Around 20% of the homes in Western Australia have solar panels installed on their roofs, according to the APVI. This makes WA the Australian state with the 3rd highest concentration of residential solar in the country, after Queensland and South Australia (about 30% each). Many of these households are likely to be considering installing a battery storage system to capture their excess solar energy for evening use. What are the key things to keep in mind when deciding on a storage system in Western Australia?
Power bill savings vs energy independence
First of all, let’s talk about goals – what do you hope to achieve by going solar? Most WA households (and Australian households in general) are interested in solar because it promises savings on electricity bills. However, a smaller but non-negligible contingent of Australians see solar as a great way to increase their energy self-reliance and reduce their environmental impact. These goals usually go hand-in-hand.
However, in cases when the home’s primary goal is to cut reliance on the grid altogether, they can be at odds with one another; running your home on only solar+batteries – without any grid backup – can be an expensive endeavour if you want the same sort of reliability that the grid offers.
Even if your home remains on-grid with solar+storage, the economics may not pan out; remember that batteries do not produce power themselves, they only allow you more flexibility with regard to the timing of its use. Because of this, solar+battery systems tend to have longer payback times and poorer returns than solar-only systems.
Western Australia may as well be divided into two separate states when it comes to solar & storage: Homes on the Synergy grid in southeastern WA are in a very different situation from those on the Horizon grid.
If you’re on the Synergy network, then regardless of exactly where you are, the case for installing batteries will remain essentially the same. Either you have access to a generous solar feed-in tariff – in which case it’s almost certainly not in your economic interest to install batteries – or you do not have a feed-in tariff, in which case batteries could potentially help you save more money on your energy bills by enabling you to get more value out of the energy that your solar panels produce.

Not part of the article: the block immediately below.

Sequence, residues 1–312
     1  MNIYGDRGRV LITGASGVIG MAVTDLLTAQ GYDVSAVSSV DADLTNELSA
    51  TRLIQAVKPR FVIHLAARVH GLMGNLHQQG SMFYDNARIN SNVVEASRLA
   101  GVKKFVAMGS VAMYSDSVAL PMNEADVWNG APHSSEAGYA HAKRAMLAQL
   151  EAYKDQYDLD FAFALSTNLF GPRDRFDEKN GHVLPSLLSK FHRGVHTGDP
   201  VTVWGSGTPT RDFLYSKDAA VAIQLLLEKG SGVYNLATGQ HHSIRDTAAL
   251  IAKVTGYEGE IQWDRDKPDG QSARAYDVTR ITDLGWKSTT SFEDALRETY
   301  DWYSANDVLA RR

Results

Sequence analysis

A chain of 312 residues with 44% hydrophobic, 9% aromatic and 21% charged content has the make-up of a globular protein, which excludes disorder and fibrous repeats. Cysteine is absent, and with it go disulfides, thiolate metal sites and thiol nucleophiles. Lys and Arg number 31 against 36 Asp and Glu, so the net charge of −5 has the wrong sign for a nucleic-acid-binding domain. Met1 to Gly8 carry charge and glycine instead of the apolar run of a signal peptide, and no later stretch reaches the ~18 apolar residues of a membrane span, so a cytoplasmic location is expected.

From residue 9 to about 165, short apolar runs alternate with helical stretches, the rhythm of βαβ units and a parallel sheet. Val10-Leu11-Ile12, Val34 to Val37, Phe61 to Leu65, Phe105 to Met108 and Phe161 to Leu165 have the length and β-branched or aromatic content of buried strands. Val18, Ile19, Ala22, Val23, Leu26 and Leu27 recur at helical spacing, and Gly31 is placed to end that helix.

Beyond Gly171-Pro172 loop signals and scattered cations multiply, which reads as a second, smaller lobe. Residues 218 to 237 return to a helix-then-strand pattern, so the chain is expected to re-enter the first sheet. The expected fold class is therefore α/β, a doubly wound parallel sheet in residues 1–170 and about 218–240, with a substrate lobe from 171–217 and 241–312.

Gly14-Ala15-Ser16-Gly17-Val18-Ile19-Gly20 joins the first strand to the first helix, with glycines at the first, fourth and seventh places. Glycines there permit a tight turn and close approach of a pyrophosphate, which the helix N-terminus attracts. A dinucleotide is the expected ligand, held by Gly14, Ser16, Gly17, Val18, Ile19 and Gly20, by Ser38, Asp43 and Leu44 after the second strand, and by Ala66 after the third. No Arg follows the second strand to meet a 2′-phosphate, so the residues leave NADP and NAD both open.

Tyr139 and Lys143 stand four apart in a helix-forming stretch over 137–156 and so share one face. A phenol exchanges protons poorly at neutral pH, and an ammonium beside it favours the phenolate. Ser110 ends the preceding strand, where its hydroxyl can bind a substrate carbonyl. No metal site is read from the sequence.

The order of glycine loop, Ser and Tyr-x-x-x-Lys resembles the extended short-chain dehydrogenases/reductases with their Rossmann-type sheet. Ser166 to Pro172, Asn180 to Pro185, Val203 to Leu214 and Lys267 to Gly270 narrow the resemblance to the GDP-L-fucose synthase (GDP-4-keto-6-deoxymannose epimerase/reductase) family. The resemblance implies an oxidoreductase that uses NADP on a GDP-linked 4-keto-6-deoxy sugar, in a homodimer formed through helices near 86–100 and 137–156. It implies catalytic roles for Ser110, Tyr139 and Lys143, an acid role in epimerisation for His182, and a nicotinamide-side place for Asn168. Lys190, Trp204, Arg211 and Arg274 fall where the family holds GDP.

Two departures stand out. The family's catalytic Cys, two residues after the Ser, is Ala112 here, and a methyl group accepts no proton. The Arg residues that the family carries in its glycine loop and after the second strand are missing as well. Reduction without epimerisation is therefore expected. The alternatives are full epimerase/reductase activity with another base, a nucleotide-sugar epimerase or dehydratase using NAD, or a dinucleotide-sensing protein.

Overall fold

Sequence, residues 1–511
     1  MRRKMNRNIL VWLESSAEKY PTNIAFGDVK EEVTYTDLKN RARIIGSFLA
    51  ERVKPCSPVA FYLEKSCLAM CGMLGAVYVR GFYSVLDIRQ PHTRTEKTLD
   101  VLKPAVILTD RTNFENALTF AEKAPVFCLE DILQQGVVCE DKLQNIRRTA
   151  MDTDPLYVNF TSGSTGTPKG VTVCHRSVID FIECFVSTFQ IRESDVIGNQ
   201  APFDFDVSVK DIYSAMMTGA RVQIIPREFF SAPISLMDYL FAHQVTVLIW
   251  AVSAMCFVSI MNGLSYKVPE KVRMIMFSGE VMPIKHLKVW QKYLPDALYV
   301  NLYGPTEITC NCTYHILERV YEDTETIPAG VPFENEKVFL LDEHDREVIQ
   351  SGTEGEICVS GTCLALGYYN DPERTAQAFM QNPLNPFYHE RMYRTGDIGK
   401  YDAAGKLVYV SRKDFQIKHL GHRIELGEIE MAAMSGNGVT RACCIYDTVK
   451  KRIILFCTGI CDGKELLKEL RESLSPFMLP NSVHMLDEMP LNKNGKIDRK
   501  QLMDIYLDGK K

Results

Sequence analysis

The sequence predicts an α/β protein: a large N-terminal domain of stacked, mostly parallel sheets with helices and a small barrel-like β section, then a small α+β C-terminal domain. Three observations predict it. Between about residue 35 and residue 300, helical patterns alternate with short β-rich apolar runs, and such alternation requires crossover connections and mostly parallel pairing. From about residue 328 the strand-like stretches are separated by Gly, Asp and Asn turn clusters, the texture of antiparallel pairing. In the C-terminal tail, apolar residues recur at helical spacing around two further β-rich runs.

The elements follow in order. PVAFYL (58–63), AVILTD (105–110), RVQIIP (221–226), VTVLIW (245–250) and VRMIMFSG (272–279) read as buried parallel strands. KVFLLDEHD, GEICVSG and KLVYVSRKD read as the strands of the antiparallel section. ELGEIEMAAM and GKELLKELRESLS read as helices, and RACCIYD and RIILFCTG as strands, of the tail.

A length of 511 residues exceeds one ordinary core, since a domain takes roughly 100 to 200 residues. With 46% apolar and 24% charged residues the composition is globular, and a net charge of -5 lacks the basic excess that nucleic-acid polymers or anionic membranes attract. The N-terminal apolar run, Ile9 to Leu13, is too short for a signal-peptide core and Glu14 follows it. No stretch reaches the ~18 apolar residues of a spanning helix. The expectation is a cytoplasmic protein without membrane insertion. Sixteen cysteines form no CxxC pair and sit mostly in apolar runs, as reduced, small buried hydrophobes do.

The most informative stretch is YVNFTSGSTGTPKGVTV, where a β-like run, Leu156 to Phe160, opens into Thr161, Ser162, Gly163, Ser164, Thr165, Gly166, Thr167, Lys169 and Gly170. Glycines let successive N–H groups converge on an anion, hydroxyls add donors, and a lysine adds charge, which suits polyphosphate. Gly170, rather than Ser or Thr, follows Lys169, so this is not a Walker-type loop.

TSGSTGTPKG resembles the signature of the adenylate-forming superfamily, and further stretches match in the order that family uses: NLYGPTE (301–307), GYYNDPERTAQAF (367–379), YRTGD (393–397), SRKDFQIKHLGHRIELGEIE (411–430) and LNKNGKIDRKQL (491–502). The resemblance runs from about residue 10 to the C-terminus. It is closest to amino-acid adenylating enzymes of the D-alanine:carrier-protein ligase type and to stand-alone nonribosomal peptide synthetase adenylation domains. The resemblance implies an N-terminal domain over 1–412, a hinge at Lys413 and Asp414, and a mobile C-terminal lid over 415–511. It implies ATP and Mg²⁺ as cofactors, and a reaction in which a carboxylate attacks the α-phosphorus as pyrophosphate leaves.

In essence, the guidelines that we published which apply for Perth residents apply to almost anyone on the Synergy grid – we encourage you to read them.
If you’re on the sprawling Horizon grid, on the other hand, matters are significantly more complex. Depending on your geographic location, the requirements and benefits for having a grid-connected solar system vary significantly. In some towns, the solar feed-in tariff incentive may be as much as 50c/kWh – a substantial amount, while in others there may be no incentive at all – or an outright prohibition on connecting a solar PV system to the grid at all. In still other circumstances, ‘generation management’ devices such as export limiters or ‘solar smoothers‘ may be required. For some of these homes, disconnecting from the grid with solar + storage may turn out to be a more viable option.
Horizon Power has a great tool that allows its customers to determine their eligibility for connecting a solar PV system to the grid. This is the first step for determining whether a battery system may be a worthwhile investment if you rely on the Horizon grid.
Decided that battery storage is right for you? Solar Choice can help you compare deals.
If you are looking for a new solar-plus-storage system:
Fill out your details in our Solar Quote Comparison request form to compare your options now (Click the ‘Battery Storage Comparison’ tab). Potential commercial clients are also invited to register their interest.
If you are looking to retrofit batteries onto an existing solar system:
Please enter your details into the form below and we will get in touch when ‘battery storage only’ functionality becomes available.
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